STOCKS

Investors looking to take another bite should avoid the volatility at current resistance levels and wait for the next solid pullback, writes MoneyShow’s Jim Jubak, also of Jubak’s Picks.

What price Apple (AAPL)?

For the short term, I think the options market is a better guide than the fundamentals in Apple’s March quarter earnings report of April 24.

After falling by 12% in the run-up to earnings—from $636 on April 9 to $560 on April 24—the stock climbed 9% on April 25. $50 a share. No way that kind of volatility is a result of earnings fears followed by the actual numbers (even with a $2.26 a share positive surprise) unless the news was magnified by big bets in the options market on Apple.

All the evidence says that traders who had placed bearish bets using options that the stock would fall further on earnings got caught on the wrong side of that bet when Apple issued its positive surprise.

Their scramble to close that trade—by buying shares or options on the other side of the trade—certainly provided a big part of the $50 a share jump on Wednesday. (Trading volumes in Apple option contracts hit 1.35 million on April 25, up from 1.26 million contracts the day before.)

What’s the options market telling us now about the short-term bet on Apple? The key price both for longs and shorts is somewhere around $644, the record high set intraday on April 10. Longs are betting using options that Apple’s share price will hit that level in May.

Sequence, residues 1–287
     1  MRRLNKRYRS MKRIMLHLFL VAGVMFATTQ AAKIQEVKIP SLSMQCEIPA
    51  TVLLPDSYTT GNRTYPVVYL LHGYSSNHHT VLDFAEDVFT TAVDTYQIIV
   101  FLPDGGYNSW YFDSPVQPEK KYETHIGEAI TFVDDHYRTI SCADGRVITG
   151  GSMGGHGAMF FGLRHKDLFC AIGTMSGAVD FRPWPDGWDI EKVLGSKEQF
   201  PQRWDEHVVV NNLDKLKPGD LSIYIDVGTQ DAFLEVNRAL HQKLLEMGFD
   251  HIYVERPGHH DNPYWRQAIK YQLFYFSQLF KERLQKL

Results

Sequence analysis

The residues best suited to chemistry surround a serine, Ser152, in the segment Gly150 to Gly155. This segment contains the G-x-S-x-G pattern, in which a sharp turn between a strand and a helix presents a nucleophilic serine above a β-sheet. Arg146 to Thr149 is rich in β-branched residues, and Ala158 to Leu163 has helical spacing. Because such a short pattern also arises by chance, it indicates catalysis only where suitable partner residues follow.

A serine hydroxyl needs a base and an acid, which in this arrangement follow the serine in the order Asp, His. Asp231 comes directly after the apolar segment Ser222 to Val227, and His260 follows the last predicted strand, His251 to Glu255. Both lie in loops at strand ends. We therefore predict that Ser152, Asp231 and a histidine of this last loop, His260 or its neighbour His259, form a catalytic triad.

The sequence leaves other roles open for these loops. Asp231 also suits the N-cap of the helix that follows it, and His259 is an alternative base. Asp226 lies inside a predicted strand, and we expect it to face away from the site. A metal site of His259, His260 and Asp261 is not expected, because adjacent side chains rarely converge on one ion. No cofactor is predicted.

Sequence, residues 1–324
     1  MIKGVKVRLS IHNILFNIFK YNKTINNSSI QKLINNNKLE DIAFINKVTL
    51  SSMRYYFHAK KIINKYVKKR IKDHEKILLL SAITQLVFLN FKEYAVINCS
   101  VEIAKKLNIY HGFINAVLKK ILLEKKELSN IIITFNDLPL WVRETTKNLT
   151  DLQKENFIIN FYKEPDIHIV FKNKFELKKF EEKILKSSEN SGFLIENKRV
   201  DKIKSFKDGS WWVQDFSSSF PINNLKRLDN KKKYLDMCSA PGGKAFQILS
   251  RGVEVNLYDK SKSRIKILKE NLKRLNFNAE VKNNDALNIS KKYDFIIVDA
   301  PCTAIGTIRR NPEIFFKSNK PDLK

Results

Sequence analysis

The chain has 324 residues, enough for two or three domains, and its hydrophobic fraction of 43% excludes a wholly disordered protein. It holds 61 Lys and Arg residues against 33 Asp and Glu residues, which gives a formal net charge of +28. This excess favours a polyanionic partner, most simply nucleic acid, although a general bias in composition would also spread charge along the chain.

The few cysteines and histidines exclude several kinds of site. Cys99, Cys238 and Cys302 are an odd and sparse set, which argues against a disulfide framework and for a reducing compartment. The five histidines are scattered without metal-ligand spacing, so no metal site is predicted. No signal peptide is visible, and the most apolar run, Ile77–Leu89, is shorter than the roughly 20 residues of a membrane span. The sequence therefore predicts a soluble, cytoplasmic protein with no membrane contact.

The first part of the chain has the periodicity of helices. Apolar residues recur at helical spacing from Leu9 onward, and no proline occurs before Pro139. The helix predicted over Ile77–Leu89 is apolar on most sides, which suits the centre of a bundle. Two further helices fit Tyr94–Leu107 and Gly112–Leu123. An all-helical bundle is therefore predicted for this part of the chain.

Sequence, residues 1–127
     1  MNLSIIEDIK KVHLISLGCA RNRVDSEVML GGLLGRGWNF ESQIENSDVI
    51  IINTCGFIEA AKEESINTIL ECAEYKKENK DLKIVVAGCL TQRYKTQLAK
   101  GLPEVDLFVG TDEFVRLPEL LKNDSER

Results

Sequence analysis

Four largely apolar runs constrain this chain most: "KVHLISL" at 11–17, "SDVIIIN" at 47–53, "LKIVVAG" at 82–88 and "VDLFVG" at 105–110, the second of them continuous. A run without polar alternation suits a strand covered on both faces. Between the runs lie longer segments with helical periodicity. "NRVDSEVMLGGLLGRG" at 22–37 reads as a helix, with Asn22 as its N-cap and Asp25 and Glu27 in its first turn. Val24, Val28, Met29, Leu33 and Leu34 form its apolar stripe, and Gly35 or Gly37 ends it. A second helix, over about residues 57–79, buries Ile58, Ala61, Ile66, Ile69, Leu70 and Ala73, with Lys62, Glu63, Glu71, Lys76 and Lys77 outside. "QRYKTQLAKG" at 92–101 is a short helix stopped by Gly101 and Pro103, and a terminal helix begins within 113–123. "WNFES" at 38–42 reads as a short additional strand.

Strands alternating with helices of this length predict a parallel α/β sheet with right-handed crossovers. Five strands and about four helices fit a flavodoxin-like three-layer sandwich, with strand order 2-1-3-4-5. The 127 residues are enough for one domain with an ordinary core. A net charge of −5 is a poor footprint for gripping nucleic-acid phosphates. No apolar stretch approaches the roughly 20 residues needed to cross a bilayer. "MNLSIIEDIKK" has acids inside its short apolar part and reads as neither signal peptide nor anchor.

The closer the share price gets to that price, the greater the chance that Apple’s shares will dip as successful longs take profits. And as the stock nears that price, I’ll bet that shorts will start making larger bets that Apple will fall as it did from April 10 to April 24.

Look at Apple’s short-term share price this way: The rewards outweigh the risk below $644. As the stock approaches that level, Apple holders can expect to see the battle between long and short traders intensify. And I think given the odds in favor of profit taking by short-term traders near that level, the risk of another short-term sell-off increases as the shares near $644.

None of this has much of anything to do with Apple’s long-term prospects or the long-term fundamental value of the stock.

From a long-term perspective, I think Apple will fight its way through volatility at $650 or so—that price is also the point at which Apple’s market capitalization approaches 5% of the Standard & Poor’s 500, which has raised fears of an index rebalancing. But it’s likely to take repeated attempts this summer to get above $650.

If you’re building a long-term position, take advantage of the volatility to buy when the shares have been pummeled and don’t let surges to $650 or so make you so giddy that you buy at the temporary top.

If you think a reasonable one-year target price for Apple is $725—and I think that is reasonable—take note that if you buy at $560, your potential profit is 30%. If you buy at $650, your potential profit is just 12%.

Full disclosure: I don’t own shares of any of the companies mentioned in this post in my personal portfolio. The mutual fund I manage, Jubak Global Equity Fund, may or may not now own positions in any stock mentioned in this post. The fund did own shares of Polypore International as of the end of September. For a full list of the stocks in the fund as of the end of September see the fund’s portfolio here.

Tickers Mentioned: AAPL

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